Related content: How we created a growth mindset in math
Importantly, the latest research confirms what we had been worried about all along. Without the teacher in the equation, and even though “credits” can be earned, learning suffers.
For the past decade of my career, I’ve worked to empower and inspire educators in their use of digital content and technology. From teaching educators in graduate level courses and delivering school level professional development to producing digital learning content and designing educational products and services, my career has had one common purpose: to learn how to best support educators’ use of digital content.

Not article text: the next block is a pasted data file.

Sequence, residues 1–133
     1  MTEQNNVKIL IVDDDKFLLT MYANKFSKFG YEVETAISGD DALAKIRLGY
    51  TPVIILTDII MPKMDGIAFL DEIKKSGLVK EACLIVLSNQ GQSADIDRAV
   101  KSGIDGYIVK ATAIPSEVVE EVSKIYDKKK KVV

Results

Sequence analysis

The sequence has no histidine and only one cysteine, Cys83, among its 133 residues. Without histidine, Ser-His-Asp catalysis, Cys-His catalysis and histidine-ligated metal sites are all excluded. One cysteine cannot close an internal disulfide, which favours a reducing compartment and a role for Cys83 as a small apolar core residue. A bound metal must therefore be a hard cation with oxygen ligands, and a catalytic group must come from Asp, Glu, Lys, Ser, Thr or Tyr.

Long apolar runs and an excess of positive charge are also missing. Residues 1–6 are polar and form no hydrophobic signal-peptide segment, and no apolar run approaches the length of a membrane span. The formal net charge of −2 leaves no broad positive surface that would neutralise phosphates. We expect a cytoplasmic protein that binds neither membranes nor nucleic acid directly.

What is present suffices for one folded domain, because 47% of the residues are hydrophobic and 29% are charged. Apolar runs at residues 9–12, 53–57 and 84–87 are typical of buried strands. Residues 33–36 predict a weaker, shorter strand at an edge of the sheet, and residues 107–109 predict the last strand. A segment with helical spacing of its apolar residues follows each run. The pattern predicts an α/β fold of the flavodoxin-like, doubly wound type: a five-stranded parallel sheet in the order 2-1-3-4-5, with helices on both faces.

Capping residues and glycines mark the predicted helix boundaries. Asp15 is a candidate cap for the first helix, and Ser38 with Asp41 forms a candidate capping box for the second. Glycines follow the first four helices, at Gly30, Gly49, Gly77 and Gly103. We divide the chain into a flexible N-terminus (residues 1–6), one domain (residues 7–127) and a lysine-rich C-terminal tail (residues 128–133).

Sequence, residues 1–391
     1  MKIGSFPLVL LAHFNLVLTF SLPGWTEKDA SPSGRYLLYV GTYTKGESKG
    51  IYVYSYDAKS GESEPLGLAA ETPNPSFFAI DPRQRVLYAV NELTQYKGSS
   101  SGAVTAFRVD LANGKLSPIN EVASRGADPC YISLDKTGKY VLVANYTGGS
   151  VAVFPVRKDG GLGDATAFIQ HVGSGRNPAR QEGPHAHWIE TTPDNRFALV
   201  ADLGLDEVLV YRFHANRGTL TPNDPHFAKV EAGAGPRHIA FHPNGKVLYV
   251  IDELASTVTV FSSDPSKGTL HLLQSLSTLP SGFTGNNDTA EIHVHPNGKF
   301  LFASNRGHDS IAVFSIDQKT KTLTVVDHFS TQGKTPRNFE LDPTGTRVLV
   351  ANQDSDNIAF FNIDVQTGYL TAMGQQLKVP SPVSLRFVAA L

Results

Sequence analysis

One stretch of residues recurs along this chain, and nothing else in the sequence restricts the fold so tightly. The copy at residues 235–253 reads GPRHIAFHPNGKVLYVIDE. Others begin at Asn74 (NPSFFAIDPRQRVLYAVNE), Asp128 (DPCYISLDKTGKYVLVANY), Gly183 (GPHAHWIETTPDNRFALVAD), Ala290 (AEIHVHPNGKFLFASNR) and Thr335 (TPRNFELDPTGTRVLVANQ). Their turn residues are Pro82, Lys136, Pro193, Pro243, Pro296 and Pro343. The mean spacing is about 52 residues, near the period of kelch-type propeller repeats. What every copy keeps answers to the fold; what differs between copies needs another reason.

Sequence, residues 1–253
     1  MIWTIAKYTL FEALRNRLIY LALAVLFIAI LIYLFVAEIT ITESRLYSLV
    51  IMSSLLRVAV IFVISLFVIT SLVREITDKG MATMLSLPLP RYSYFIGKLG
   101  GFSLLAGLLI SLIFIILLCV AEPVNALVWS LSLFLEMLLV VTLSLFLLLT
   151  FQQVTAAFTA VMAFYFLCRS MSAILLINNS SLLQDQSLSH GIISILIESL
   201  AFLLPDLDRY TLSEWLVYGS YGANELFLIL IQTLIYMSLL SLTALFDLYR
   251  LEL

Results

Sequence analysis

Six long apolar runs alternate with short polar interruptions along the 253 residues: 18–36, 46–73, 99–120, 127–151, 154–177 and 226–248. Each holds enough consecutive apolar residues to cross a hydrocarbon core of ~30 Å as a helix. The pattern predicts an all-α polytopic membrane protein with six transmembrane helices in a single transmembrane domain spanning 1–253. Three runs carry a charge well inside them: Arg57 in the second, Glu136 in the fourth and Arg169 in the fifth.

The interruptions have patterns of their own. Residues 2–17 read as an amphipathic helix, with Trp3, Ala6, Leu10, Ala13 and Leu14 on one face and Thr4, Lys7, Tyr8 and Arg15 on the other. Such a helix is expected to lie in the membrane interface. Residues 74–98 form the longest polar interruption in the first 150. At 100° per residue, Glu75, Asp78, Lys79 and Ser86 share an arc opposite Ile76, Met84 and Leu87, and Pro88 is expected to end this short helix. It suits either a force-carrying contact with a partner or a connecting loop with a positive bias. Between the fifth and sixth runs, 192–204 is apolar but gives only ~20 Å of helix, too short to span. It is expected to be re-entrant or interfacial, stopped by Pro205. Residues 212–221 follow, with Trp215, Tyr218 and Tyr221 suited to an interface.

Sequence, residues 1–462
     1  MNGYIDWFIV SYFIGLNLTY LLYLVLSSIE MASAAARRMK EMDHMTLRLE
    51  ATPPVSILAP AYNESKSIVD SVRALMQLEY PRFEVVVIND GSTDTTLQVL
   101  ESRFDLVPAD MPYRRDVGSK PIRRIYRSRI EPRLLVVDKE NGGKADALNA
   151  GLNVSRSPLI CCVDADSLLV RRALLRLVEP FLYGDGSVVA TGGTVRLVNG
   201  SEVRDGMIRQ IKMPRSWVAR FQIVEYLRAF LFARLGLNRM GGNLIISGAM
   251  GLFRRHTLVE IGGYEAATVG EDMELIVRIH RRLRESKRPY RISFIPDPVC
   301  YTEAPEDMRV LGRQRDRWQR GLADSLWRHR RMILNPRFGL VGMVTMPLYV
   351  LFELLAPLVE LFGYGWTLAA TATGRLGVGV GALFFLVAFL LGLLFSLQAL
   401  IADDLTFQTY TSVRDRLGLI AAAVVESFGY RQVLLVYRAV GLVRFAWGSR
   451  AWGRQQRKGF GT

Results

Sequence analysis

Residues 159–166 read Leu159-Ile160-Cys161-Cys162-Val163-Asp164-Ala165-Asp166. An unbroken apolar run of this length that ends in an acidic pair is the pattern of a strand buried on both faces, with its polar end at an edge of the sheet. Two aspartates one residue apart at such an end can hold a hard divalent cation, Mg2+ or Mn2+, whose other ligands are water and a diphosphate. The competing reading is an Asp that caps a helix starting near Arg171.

This work has been informed by hours interviewing, surveying, observing, and conversing with educators in all roles, grade-levels, and subject areas. Throughout this process, I have observed time and again that when we give educators practical strategies to use digital content, they are more effective at teaching with that content and engaging students in the learning process.
Following are five new strategies educators at any level can use to more effectively use digital content to jumpstart classroom learning.
Communication and collaboration are not the same thing. There are many tools that allow educators and administrators to talk to each other, but to take advantage of edtech’s promise, they should also be able to use collaboration tools to work together on the same projects.